If you’re a night owl and you’ve tried waking up early, you know it’s one of the most difficult habits. It’s a pain in the ass to deal with grogginess in the morning and to be in bed on time with all the digital distractions nowadays.

 

Lots of people set the alarm with the best of intentions, knowing that's the time they need to get up to meet the day's demands. But then the alarm clock seems to ring way before they're ready to rise, so they're hitting snooze and, eventually, running late.

If you’re not a morning person, and you find yourself struggling at the start of your day, try these tips and strategies to get going.

Adjust your alarm to wake up 30 minutes earlier than usual

Do this for at least one week. The benefit? You won’t feel a drastic change, and maybe the only switch will be to go to bed 30 minutes earlier as well. How will you know what is the best amount of sleep time so you can adjust your schedule? Read this answer.

After the first week, set the alarm for one full hour earlier

You’ll feel like hitting the snooze button when you implement this, but try to avoid snoozing. If it happens, it happens. I’ve hit snooze three times in a row one morning and got up later than usual, but I needed some extra sleep. Just go with the flow. Repeat for a few weeks until you get to the desired wake-up time.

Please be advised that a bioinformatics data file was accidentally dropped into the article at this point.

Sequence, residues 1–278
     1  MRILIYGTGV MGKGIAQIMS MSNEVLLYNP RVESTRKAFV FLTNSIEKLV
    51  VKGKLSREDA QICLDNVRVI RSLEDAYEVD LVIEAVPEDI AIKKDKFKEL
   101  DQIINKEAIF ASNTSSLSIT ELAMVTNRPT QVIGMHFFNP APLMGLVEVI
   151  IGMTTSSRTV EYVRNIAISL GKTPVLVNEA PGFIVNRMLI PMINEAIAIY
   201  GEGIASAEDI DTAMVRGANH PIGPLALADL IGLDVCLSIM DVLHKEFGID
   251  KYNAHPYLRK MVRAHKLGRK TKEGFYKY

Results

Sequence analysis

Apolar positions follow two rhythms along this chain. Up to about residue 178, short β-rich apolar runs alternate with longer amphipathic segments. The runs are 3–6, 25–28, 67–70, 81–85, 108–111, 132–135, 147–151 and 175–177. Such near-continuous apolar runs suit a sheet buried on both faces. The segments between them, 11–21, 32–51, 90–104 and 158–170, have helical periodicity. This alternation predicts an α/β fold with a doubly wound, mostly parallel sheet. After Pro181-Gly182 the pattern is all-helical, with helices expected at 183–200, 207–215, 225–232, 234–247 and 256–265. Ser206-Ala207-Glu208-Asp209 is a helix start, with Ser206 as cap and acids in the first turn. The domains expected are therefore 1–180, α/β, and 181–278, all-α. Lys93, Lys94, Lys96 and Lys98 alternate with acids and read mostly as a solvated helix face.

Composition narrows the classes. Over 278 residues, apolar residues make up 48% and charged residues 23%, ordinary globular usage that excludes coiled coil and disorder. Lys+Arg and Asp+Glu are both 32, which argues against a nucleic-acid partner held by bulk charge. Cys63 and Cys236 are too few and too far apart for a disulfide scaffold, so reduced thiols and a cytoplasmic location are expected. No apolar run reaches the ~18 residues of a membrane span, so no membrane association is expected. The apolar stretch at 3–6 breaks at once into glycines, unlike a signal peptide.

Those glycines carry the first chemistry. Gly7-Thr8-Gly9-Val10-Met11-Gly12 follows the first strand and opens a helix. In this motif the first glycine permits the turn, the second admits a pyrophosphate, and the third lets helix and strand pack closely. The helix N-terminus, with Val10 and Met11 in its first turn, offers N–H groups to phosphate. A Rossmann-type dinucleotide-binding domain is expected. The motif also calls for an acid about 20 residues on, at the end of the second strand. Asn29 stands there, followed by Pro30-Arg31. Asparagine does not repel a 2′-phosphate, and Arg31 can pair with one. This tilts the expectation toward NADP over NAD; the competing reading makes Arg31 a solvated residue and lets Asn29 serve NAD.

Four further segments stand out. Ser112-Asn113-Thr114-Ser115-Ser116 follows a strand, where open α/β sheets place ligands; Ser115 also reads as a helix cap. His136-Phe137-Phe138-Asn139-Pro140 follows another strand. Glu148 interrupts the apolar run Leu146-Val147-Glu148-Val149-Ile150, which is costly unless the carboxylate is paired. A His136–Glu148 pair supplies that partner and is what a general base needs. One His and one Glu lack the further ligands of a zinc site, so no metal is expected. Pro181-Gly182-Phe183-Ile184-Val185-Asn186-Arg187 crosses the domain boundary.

Keep your hands off devices as soon as you wake up

Instead of reaching for the phone to check Instagram as soon as you open your eyes, use the first few minutes to gently ease into the day. Stretch your arms, take a few deep breaths, wiggle your toes, think about what you want to accomplish on that day, play some music that gets you in a good mood.

Start the day with one simple question

Ask yourself, What is the one thing I am committed to completing today? Of course, you may have ten or twenty things on your to-do list, but if you had to pare down that number to the top priority thing, what would it be? Give an answer out loud and make a commitment to reach that goal.

Simplify your breakfast

There’s no need to overdo it with meal preparation. Depending on what you like to eat, keep a short list of breakfast options top of mind (2–3), and rotate them around throughout the week. Some ideas to consider: oatmeal with banana and nuts, Greek yogurt with fruit and granola, or eggs with toast and fruit on the side.

Go outside for a brisk walk

Being outside first thing in the morning will feel like a burst of energy and you’ll get a good dose of vitamin D from the sun. Keep it short and don’t go far. Set the timer on your phone for 15 minutes and walk around the neighborhood or at a nearby park, then another 15 to get back home. If you think 30 minutes is too long to walk, reduce to 15 until you get into the habit.

Use a timer to divide tasks into short blocks

You can use the Pomodoro method (25 minute blocks) or go for 50 minutes then take a 10 minute break. Turn on your timer and begin working. Take breaks between sessions and when you’re done with three sessions, take a longer break. Have tea or coffee, listen to a podcast, eat lunch or a snack, and take your mind off the work for a bit.